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Privacy and Data Protection Enactment and Enforcement Timelines During COVID-19

During COVID-19, in certain areas of the law, we have seen significant flexibility from regulators and government agencies in how they are addressing typical approval processes and/or compliance requirements. In the context of privacy and cybersecurity regulations, largely, regulators are emphasizing that personal privacy and data security are important now more than ever. New information is being collected and used in new ways. Certain data security vulnerabilities may be more prevalent in this work-from-home environment.

The below summarizes the status of enactments, deadlines, and other public comments from regulators surrounding privacy and data security laws globally.

  • California Consumer Privacy Act (CCPA). CCPA became effective January 1, 2020. While the regulations are still not yet final, the Attorney General is permitted to begin bringing enforcement actions on July 1, 2020. Despite urging from various coalitions and trade associations to delay enforcement, a statement from the AG’s office said that CCPA has been effect since January 1, 2020 and that the agency is committed to enforcing the law starting July 1. The office also “encourage[s] businesses to be particularly mindful of data security in this time of emergency.”

  • 23 NYCRR Part 500. Financial services companies subject to New York’s cybersecurity law typically must file a Certification of Compliance annually by April 15. DFS announced that it has extended its original deadline to June 1, 2020.

  • HIPAA. As we reported on in more detail here, HHS has released a limited waiver allowing for certain PHI disclosures, provided other requirements under the business associate agreement are still met, and the BA informs the covered entity within 10 days after the use or disclosure occurs.

  • Brazil’s Data Protection Law. Brazil’s first comprehensive data protection law – LGPD –  was schedule to become effective August 2020. In early April, the Brazilian Senate approved a bill which would delay the effective date of the law until January 2021. In the bill, fines and sanctions for companies that fail to comply are now scheduled to become effective August 2021. The bill is now with the House of Delegates for consideration and if approved, will be sent to the President to be signed into law.

  • Global Data Protection Regulation (GDPR). The EDPB has stated that businesses are not exempt from complying with the GDPR and ensuring the protection of personal data “even in these exceptional times.” While there has been nothing to signal that requirements of the laws themselves should be lessened, certain regulators, such as the UK’s ICO, has signaled that when it comes to enforcement, they will take a pragmatic approach in the context of this crisis.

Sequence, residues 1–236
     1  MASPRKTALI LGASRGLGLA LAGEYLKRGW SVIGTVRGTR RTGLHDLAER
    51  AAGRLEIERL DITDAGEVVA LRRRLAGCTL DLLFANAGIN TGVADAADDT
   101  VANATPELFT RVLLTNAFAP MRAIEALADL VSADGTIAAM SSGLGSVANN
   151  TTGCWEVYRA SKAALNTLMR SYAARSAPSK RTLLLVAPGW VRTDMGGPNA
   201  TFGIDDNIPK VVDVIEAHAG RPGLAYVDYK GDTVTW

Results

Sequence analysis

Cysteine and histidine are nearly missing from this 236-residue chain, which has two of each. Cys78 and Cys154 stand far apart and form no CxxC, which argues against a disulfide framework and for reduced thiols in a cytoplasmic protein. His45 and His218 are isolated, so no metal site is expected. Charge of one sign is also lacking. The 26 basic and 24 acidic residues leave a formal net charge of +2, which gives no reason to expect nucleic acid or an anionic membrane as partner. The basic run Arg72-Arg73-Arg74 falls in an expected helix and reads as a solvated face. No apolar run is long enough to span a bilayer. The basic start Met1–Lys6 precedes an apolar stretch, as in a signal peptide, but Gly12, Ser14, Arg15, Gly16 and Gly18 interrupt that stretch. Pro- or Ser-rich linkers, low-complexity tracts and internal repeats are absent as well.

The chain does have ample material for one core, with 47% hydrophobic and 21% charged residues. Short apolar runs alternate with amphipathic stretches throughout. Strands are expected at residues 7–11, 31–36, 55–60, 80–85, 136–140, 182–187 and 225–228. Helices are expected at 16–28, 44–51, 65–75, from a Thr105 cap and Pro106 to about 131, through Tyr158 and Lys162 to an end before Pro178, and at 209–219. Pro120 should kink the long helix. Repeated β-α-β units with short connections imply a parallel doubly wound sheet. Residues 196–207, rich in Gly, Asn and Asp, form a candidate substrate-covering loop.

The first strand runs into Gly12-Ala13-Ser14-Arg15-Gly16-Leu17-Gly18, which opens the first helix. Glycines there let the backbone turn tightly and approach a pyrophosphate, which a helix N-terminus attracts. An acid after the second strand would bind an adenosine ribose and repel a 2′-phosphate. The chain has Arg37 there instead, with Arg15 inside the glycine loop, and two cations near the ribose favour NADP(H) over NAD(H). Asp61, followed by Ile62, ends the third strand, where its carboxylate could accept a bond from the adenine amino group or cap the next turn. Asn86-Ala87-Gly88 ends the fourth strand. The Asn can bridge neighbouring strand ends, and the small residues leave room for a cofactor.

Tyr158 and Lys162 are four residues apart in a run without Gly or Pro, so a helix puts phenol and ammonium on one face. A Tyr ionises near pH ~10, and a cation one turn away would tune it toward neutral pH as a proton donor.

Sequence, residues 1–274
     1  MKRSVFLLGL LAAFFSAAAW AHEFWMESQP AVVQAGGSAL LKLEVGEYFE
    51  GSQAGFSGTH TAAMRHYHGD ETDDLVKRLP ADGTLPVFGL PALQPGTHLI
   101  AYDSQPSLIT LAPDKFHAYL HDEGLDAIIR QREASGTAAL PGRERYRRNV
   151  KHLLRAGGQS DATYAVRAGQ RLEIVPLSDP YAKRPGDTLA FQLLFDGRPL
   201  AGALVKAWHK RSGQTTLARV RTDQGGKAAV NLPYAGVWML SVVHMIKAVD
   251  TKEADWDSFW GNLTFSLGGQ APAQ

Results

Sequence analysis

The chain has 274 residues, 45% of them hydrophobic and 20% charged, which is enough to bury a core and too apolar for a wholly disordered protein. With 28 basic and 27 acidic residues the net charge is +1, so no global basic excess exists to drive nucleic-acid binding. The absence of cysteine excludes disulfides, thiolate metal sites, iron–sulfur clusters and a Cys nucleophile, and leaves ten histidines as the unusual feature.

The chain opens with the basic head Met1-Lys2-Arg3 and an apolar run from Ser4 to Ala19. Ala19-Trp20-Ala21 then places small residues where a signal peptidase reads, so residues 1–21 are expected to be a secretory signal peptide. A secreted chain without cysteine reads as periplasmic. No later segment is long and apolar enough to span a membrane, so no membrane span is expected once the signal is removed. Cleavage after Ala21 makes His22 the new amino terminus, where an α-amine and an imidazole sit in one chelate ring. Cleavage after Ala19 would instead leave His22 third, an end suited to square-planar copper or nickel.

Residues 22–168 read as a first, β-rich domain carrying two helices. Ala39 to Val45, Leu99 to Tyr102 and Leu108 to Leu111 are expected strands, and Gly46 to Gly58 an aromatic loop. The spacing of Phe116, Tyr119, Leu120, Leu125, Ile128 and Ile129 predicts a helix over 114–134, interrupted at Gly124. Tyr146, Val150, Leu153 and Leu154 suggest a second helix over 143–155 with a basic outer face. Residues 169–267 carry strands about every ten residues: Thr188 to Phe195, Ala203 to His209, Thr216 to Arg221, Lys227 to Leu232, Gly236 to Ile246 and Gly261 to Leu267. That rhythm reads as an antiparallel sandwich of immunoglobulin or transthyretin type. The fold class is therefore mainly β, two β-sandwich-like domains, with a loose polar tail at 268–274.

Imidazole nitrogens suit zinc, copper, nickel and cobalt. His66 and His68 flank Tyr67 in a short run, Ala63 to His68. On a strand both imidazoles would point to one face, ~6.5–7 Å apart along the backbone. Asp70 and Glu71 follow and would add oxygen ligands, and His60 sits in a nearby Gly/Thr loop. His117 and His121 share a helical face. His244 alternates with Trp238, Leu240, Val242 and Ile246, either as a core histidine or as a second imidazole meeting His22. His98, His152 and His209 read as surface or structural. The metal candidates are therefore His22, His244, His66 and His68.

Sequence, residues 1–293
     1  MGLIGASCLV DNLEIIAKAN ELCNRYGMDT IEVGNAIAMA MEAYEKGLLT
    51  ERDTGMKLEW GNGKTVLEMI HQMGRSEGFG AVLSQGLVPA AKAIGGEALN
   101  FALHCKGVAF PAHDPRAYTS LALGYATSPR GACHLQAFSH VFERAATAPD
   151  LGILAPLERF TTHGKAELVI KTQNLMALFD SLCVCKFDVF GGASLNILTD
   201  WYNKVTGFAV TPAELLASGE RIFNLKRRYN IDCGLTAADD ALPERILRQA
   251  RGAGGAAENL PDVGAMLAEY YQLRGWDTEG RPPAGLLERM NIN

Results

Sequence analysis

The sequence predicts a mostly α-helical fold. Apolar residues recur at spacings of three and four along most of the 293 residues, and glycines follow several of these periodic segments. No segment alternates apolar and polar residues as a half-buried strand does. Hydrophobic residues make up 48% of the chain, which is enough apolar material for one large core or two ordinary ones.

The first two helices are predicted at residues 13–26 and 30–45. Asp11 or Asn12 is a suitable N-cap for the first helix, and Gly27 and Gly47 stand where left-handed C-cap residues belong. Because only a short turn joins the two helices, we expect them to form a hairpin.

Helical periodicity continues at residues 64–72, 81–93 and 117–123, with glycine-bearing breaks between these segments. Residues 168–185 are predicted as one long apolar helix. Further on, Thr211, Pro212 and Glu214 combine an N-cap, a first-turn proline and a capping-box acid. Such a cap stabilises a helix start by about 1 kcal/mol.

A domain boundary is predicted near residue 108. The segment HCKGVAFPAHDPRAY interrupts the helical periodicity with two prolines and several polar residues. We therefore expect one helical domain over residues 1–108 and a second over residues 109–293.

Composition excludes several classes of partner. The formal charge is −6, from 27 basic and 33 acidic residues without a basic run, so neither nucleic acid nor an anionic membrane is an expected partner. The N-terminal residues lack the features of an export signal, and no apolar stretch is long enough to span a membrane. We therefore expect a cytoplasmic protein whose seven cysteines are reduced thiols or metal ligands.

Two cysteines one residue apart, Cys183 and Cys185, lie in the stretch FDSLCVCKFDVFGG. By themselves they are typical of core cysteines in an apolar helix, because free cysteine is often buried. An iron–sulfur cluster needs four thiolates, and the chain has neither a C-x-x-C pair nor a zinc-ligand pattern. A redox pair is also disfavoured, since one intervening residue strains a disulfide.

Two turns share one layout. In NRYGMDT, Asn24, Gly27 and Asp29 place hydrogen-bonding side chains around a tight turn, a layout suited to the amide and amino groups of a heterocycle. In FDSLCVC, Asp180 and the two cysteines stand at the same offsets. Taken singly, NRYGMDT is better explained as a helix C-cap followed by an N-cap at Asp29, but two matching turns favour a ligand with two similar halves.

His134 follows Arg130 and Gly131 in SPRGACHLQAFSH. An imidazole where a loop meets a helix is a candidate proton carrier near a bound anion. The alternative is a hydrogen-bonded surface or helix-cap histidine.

Putting it Into practice. Organizations should continue to be mindful of the laws that surround the collection, use, and sharing of information both in the US and abroad. While these are extraordinary times, regulators are continuing to signal that privacy and data protection laws still apply (even if certain deadlines may be extended in particular circumstances). For organizations subject to CCPA, a reminder that the AG can consider activity as early as January 1, 2020 when it comes to enforcement.

Copyright © 2020, Sheppard Mullin Richter & Hampton LLP.National Law Review, Volume X, Number 115



About this Author

Julia Kadish is an attorney in the Intellectual Property Practice Group in the firm's Chicago office.

Areas of Practice

Julia's practice focuses on data breach response and preparedness, reviewing clients' products and services for privacy implications, drafting online terms and conditions and privacy policies, and advising clients on cross-border data transfers and compliance with US and international privacy regulations and standards. She also workes on drafting and negotiating software licenses, data security exhibits, big data licenses, professional...

Kari Rollins Intellectual Property Lawyer Sheppard

Kari M. Rollins is a partner in the Intellectual Property Practice Group in the firm's New York office.

Areas of Practice

Ms. Rollins focuses her practice on privacy and complex commercial litigation matters. She has successfully represented clients in the financial services, audit and accounting, food services, retail, and fashion industries before state and federal courts, as well as in front of state attorneys general, federal regulators, and U.S. and international commercial arbitration forums.

Ms. Rollins serves as a trusted advisor to her clients, bringing a focused, strategic approach to complex litigation and investigation matters alike. Her clients praise her ability to efficiently and effectively manage complex matters with multiple moving pieces, and to concisely and persuasively communicate the core issues of her clients’ cases to judges, regulators, and opposing counsel. These traits have enabled Ms. Rollins to successfully argue critical motions, procure dismissals, and achieve successful resolutions for her clients.